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Cumberland County to benefit from family medicine resident training program

A reception was held recently to welcome six family medical residents to the northern zone. Joining area physicians Dr. Tena Frizzle (back left) and Dr. Pippa Moss (front left) are (back, from second left) Dr. Martika Rodgers, Dr. Michael Smith, (front, from second left) Dr. Aruba Nurulla, Dr Jillian Jung and Dr. Jamie Grandy. Missing is family medical resident Dr. Matthew Lowe.
A reception was held recently to welcome six family medical residents to the northern zone. Joining area physicians Dr. Tena Frizzle (back left) and Dr. Pippa Moss (front left) are (back, from second left) Dr. Martika Rodgers, Dr. Michael Smith, (front, from second left) Dr. Aruba Nurulla, Dr Jillian Jung and Dr. Jamie Grandy. Missing is family medical resident Dr. Matthew Lowe. - Contributed

Two residents from Dalhousie University’s medical school arrive in Amherst to train

AMHERST, N.S. —

Bringing family medicine residents to Amherst is going to pay dividends to both the community and the medical residents.
Speaking during a reception for the northern zone’s six family medicine residents from Dalhousie University on July 13, Dr. Pippa Moss, the president of the Cumberland County Medical Staff Association said the program will be mutually beneficial to Amherst and the medical residents.
“It’s wonderful having medical residents here in the community because there’s so much expertise here,” Moss said. “There are some things we can teach that you can’t teach easily in a more traditional environment such as the skills necessary for rural medicine. We’re going to be training top notch rural physicians so they’ll be able to meet the needs of people who don’t live in big cities.”
Amherst has two of the six family medicine residents who are working with preceptors in the northern zone. Dr. Aruba Nurullah is working with Dr. Janneke Gradstein while Dr. Michael Smith is working with Dr. Murray McCrossin.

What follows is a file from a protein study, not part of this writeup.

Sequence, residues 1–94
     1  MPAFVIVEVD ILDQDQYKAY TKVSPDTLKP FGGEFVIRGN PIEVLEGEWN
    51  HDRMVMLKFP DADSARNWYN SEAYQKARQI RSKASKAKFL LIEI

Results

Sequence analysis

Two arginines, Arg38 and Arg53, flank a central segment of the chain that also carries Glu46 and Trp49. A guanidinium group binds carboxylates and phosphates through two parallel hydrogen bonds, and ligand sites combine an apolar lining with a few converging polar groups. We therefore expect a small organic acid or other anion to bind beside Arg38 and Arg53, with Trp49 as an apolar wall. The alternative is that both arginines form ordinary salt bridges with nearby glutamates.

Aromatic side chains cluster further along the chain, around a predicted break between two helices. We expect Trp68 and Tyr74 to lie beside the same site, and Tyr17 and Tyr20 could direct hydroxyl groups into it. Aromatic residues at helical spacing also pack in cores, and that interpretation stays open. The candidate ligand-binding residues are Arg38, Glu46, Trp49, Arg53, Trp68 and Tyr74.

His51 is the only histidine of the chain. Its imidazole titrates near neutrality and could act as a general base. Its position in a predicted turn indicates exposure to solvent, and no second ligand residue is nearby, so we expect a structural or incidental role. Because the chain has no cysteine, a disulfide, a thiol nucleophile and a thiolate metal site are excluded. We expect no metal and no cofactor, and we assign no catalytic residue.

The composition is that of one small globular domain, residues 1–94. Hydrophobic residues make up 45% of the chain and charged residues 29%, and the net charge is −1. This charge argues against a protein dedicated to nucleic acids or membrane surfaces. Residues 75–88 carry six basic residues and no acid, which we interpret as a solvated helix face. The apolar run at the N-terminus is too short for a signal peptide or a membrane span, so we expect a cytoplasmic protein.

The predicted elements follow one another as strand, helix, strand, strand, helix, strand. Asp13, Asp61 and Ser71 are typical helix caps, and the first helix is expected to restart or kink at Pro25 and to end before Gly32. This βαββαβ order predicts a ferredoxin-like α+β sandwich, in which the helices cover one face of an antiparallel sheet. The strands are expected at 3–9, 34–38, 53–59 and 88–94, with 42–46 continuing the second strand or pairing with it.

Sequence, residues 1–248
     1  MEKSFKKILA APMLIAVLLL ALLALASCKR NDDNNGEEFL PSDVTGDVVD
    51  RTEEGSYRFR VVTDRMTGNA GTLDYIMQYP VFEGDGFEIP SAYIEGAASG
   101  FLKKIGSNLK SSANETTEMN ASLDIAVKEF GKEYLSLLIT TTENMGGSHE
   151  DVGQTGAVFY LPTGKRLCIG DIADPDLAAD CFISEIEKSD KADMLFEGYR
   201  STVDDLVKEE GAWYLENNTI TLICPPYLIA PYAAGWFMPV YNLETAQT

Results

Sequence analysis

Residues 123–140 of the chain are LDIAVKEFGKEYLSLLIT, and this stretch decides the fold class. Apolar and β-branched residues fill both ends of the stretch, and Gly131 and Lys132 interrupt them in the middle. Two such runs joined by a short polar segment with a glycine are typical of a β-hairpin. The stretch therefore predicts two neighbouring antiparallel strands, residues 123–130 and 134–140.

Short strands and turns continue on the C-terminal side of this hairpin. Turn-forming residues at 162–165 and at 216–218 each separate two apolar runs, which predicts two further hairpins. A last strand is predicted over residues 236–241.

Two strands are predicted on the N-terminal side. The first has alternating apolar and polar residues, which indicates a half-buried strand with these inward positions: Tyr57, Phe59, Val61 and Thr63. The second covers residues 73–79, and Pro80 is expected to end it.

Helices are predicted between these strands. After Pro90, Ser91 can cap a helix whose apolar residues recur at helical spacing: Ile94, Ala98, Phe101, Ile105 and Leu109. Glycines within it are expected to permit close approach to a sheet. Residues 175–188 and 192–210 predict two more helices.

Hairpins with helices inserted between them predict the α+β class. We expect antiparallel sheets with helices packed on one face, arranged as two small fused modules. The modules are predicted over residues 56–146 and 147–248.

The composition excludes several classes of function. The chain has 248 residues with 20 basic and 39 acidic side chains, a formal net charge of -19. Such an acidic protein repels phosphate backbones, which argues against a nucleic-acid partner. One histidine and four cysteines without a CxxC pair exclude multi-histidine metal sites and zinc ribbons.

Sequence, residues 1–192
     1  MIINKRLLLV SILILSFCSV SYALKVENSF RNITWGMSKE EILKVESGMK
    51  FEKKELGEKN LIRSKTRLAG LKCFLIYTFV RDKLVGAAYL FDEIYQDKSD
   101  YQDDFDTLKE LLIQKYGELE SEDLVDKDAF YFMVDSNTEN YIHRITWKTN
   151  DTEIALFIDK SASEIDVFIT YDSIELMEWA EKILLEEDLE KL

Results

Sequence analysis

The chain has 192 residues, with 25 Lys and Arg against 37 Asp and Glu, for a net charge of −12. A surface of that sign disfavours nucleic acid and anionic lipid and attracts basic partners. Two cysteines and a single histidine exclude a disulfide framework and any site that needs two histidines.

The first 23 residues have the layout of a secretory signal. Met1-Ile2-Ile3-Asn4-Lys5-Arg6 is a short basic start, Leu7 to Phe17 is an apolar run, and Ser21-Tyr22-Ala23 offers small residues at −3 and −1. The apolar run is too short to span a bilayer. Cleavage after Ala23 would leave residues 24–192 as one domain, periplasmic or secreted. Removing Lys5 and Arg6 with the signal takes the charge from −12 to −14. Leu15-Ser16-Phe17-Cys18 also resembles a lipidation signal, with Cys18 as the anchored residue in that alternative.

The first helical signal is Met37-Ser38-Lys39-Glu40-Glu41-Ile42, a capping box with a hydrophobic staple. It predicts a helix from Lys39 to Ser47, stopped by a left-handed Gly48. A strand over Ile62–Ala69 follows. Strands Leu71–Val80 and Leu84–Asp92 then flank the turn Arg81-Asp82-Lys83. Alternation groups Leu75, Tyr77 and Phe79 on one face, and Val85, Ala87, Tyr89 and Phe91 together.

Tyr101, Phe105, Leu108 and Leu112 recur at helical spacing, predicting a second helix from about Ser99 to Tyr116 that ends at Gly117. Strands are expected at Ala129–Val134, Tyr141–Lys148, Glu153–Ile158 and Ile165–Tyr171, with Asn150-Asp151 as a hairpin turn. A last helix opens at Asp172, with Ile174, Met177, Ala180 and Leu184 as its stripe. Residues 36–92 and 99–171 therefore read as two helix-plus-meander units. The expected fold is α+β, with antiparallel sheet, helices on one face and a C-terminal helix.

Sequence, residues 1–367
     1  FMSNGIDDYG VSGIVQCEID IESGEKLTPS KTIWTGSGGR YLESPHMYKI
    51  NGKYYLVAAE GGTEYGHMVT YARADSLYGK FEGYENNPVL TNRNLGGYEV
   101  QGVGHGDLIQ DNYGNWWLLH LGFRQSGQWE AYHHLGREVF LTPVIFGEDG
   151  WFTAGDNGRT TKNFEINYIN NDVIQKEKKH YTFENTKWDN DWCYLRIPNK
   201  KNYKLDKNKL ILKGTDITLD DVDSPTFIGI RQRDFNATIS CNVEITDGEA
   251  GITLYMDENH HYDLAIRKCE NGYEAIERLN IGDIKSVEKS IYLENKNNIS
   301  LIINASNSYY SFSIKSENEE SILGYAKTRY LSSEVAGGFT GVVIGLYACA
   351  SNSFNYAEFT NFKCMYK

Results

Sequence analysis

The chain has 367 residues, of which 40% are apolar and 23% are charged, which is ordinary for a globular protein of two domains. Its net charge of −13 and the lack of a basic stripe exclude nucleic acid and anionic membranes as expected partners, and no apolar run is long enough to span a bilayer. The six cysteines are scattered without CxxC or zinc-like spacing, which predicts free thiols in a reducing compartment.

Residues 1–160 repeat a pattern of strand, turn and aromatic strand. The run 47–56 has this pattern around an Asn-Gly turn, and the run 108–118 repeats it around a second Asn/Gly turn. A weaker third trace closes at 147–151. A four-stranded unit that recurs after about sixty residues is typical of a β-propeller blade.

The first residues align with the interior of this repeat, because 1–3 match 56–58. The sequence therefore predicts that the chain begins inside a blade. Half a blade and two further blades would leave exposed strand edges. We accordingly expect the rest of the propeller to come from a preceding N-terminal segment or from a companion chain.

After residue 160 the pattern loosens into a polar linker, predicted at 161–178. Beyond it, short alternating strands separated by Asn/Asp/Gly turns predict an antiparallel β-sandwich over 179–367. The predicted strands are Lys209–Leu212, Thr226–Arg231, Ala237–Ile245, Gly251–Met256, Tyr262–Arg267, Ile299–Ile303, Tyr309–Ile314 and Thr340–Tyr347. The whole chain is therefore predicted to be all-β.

Nurullah is excited about working in family medicine in the North Nova area.
She’s one of six new family medicine residents that started working in early July.
“When you apply to Dalhousie family medicine you rank sites and I put this site as number one,” she told the Truro News. “I did a rotation here in Truro and really liked it.”
Although all six residents will be working through the new North Nova Family Medicine Teaching Site in Truro, two will work with doctors in Truro, two will be in Amherst and two will be based in New Glasgow.
She is pleased to be working in Amherst.
“The community helped me find a place to stay and my husband’s company created a position for him so that he could move with me,” she said.
Nurullah is from Victoria, but studied at Dalhousie University and has friends nearby, as well as a brother living in Halifax. She said she thinks she’d be happy to stay in the area if there is a position for her once she finishes her residency.
Dr. Tena Frizzle of Amherst is the North Nova residency program faculty development co-ordinator for Dalhousie University. She sees big things coming from the program.
“I’m very excited about having the family medicine residency program in our area,” Frizzle said. “It’s a great opportunity for the residents, but also for us to be able to train and attract new family physicians.”
Frizzle said a high percentage of family medicine residents stay in the communities in which they train. She said the medical staff has been very welcoming to the two family medicine residents and she’s optimistic the program will see additional residents in future years.
“There are six in the first year and six next year to give us our compliment of 12 residents in the program,” Frizzle said.
Frizzle said it is important for people in the community to realize these two residents are not taking on new patients as they are not yet licensed to do so. People needing a family doctor are asked to call 811 to register.
“We are also encouraging people to join in the new and ongoing recruitment and retention efforts in our area,” Frizzle said.
Residency training is a joint effort of the provincial Department of Health and Wellness, Dalhousie Medical School and Nova Scotia Health Authority. Residents will spend two years in a family practice.
The creation of the North Nova site brings the total number of Dalhousie Family Medicine teaching sites to six, including a new site in Inverness this year, training about 80 family medicine residents throughout the year.
Residents and the physicians they’ll be working with include: Dr. Jamie Grandy – Dr. Steve Ellis and Dr. Nina Makkar – Bible Hill and Truro; Dr. Michael Smith – Dr. Murray McCrossin – Amherst; Dr. Martika Rodgers – Dr. Aaron Smith – Westville and New Glasgow; Dr. Jillian Jung – Dr. Bradley MacDougall – Westville and New Glasgow; Dr. Matthew Lowe – Dr. Mashalla Masoumi-Ravandi – Truro and Dr. Aruba Nurullah – Dr. Janneke Gradstein – Amherst.
(With files from Lynn Curwin, Truro News)

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